In 1931 the Lena Pope Home moved into its first mansion: the fourteen-room former home of Mrs. Sicily Ann Halsell Waggoner (1842-1928), widow of cattleman Dan Waggoner, at 1418 El Paso Street on Quality Hill.
But by the end of the year the orphanage again had outgrown its space. In December the orphanage moved to its second mansion: the twenty-room former home of capitalist Earl E. Baldridge at 4801 Camp Bowie Boulevard (at Sanguinet Street).
Earl E. Baldridge had committed suicide on the grounds of his mansion in 1915.
The grounds of the Baldridge estate covered a city block.
The orphanage remodeled the mansion to accommodate children and staff. But soon the orphanage—you guessed it—needed more space. Dormitories were built of sandstone donated by a farmer; Tarrant County Commissioners Court donated use of gravel trucks to haul building materials; boys of the home dug foundations for the new dormitories. Men standing in Salvation Army breadlines during the Great Depression were recruited to help build the dormitories, a dining room, and an infirmary. Mrs. Pope used her Packard to shuttle unemployed men from the Union Mission to the mansion grounds to break rocks for a stone wall.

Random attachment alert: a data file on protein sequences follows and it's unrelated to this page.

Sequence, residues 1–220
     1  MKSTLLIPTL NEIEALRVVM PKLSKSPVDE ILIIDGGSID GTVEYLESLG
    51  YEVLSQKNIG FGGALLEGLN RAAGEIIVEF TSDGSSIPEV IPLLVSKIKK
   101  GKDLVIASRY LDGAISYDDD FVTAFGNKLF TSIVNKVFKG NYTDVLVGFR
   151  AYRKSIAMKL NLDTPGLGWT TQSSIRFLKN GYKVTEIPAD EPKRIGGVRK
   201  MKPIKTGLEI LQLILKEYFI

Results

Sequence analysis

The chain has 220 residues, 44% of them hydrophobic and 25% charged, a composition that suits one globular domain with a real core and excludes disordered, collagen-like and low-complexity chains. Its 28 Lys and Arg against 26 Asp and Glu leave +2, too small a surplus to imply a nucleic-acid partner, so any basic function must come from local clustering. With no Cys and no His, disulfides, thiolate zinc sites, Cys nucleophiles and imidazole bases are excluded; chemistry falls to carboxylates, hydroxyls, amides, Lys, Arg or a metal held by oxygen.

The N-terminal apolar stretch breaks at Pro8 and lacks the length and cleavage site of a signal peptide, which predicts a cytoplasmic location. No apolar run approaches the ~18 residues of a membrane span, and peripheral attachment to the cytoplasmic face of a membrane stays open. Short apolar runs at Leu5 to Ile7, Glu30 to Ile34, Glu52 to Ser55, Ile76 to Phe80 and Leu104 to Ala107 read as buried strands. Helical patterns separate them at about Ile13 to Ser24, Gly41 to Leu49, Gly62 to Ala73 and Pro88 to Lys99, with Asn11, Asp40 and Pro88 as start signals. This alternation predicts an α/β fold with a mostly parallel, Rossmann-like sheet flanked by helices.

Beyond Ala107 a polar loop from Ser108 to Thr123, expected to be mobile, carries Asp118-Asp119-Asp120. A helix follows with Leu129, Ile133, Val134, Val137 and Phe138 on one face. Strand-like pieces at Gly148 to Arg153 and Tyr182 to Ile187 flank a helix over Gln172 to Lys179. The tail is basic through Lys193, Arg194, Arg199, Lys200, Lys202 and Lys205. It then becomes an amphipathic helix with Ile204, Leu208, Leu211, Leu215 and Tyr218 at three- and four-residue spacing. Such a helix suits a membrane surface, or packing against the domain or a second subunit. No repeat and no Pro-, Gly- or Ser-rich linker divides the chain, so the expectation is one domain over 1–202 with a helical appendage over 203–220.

(The Baldridge mansion was demolished in 1959 to make way for commercial development.)
The mission of an orphanage is helping others. And first the Great Depression and then World War II placed many families in need of help by the Lena Pope home. During the depression some parents lost their jobs and were unable to care for their children. During the war some parents who joined the war effort were unable to care for their children.
As for the home itself, more than 130 members of its “family” served in the war.
Lena Pope and “family” in 1947. (Photos from University of Texas at Arlington Libraries.)
By 1947 the Lena Pope Home had helped five thousand children—and once again needed more space. With the help of Amon Carter the orphanage secured ten city blocks west of Arlington Heights High School on which to build a new home. Architect for the new orphanage, which could house five hundred children “without crowding,” was Joseph Pelich.
Mrs. Pope had two homes, of course: the orphanage and her residence. At least three homes of Ewell and Lena Pope still stand. Two of them are at 2205 Harrison Avenue in Mistletoe Heights and 2409 Medford Court East in Park Hill.
By 1956 much of the new campus on the West Side was completed, but the orphanage was still raising money to complete its new home.